Want to learn how to see auras? It’s not nearly as complicated as you may think. And, if you already can see auras, this article might help you refine your “vision.” Firstly, as with all energetic practices, seeing auras will not come through force. It’s important to have an easy, relaxed (even playful) attitude when working with aura vision. Secondly, not everybody is going to see auras. This does not mean the experience is lost if you can’t “see” them. As I mentioned in an earlier article about understanding auras, they…
  • Climbing The Ladder of Awareness

    Colleen Walser
    13 May 2015 | 10:00 am
       When it comes to our understanding of the unfolding global crisis, each of us seems to fit somewhere along a continuum of awareness that can be roughly divided into five stages: Tracing Infinity by Kathleen Farago MayDead asleep. At this stage there seem to be no fundamental problems, just some shortcomings in human organization, behaviour and morality that can be fixed with the proper attention to rule-making. People at this stage tend to live their lives happily, with occasional outbursts of annoyance around election times or the quarterly corporate earnings seasons. Awareness…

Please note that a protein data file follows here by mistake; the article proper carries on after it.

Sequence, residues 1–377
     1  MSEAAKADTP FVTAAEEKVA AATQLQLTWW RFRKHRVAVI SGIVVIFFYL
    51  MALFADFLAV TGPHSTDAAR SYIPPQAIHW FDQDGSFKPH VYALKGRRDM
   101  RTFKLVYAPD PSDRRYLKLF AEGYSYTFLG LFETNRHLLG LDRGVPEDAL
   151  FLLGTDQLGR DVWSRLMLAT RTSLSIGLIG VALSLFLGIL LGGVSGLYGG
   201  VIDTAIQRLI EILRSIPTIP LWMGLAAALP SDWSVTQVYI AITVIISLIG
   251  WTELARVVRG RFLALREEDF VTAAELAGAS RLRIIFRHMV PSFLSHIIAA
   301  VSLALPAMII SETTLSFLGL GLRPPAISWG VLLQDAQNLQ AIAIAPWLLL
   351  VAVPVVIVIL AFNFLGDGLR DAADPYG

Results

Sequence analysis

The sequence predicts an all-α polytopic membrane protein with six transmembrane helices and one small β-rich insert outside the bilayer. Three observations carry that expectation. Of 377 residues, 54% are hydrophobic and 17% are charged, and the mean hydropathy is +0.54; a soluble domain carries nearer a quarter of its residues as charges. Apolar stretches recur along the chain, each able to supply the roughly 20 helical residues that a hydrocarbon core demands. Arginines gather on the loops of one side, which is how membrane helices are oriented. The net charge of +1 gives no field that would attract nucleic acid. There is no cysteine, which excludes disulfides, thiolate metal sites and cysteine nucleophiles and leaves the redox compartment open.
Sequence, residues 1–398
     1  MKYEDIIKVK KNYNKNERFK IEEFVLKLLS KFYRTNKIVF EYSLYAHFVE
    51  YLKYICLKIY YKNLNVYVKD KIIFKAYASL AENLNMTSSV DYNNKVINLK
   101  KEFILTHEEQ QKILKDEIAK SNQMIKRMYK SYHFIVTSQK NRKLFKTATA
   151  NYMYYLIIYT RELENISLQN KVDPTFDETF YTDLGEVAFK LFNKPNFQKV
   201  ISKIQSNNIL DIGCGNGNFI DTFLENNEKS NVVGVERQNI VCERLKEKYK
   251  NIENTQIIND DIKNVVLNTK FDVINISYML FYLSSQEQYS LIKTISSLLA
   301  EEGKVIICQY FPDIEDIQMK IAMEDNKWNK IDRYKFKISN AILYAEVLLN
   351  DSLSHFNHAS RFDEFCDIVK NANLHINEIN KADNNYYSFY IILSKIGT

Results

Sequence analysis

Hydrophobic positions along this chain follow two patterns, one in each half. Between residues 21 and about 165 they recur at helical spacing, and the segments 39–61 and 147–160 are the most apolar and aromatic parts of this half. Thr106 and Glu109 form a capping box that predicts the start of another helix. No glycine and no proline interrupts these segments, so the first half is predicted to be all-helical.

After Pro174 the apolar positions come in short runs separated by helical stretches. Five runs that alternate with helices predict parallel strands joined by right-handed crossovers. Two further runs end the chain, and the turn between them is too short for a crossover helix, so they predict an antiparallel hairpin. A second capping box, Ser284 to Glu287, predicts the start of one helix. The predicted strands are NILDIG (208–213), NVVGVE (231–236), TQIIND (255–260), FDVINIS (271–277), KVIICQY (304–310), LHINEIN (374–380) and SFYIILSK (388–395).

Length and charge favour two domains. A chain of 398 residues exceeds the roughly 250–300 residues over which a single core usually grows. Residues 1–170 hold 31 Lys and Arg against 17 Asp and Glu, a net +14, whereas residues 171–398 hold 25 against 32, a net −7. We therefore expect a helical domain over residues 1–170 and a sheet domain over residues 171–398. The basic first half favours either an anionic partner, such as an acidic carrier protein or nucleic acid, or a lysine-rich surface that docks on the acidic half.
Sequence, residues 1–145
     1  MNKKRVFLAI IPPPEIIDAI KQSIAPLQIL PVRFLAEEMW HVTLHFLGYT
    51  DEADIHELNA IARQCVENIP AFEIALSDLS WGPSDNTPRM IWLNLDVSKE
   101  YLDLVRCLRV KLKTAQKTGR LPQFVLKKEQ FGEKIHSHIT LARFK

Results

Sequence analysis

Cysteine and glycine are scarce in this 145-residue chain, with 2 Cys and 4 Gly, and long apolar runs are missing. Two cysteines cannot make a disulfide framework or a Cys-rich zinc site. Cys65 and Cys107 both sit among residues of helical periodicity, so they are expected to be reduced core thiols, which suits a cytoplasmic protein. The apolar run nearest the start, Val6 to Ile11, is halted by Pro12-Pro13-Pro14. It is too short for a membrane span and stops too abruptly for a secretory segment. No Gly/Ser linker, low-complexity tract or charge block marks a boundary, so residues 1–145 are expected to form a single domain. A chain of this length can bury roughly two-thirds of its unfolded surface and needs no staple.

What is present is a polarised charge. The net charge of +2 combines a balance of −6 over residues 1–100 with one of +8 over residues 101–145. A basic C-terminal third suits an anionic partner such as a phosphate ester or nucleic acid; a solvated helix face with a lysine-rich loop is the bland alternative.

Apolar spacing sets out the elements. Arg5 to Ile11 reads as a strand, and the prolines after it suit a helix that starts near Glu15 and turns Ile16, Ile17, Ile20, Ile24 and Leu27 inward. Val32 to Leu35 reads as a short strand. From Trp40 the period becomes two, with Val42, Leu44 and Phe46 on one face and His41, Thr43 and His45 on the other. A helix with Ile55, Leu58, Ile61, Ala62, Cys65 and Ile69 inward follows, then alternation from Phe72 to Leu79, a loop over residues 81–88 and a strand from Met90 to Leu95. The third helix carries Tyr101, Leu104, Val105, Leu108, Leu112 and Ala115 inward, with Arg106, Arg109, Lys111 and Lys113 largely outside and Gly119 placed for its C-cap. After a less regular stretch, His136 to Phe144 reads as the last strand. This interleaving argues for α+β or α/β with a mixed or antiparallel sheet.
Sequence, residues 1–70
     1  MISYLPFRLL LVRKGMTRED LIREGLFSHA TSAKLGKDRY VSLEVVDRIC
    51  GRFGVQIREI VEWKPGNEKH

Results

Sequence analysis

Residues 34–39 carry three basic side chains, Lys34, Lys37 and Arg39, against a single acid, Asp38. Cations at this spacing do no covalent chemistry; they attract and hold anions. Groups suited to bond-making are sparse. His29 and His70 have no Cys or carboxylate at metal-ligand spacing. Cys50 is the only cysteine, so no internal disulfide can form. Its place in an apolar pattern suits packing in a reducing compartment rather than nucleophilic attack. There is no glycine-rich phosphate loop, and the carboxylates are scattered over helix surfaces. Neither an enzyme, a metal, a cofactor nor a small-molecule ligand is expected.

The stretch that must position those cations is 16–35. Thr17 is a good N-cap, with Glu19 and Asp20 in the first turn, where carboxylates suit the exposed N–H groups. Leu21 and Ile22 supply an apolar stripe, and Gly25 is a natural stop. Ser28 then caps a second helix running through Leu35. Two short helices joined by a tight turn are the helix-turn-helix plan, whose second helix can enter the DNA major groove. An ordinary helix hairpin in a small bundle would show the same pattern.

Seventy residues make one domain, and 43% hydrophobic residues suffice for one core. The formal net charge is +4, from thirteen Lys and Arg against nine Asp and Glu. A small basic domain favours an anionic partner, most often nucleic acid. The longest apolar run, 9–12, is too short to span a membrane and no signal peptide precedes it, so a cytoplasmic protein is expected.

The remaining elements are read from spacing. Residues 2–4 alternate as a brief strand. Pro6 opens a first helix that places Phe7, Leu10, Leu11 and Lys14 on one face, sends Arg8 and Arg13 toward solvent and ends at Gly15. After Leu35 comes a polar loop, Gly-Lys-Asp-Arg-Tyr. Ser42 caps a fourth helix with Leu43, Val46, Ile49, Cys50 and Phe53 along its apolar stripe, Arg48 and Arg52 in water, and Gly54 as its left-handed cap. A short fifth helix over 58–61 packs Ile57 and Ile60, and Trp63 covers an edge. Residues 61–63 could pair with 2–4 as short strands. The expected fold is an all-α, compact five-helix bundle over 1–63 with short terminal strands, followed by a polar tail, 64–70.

• Enlightenment: How to Be Free From Separation

    Colleen Walser
    13 May 2015 | 9:50 am
       “Separation is not your natural state. You are not separate from everything and trying to get to oneness. You are doing separation. You are actively separating yourself from this moment. And I am not saying not to have definitions, not to call a chair a chair. All of this happens. This duality happens in nonduality. It is not one or the other, it the same. But because you latch on to the definitions you do not see the essence of what is here. It is not wrong to do this, but if you want to be free of stress, of anxiety and conflict, it is important to realize you are doing…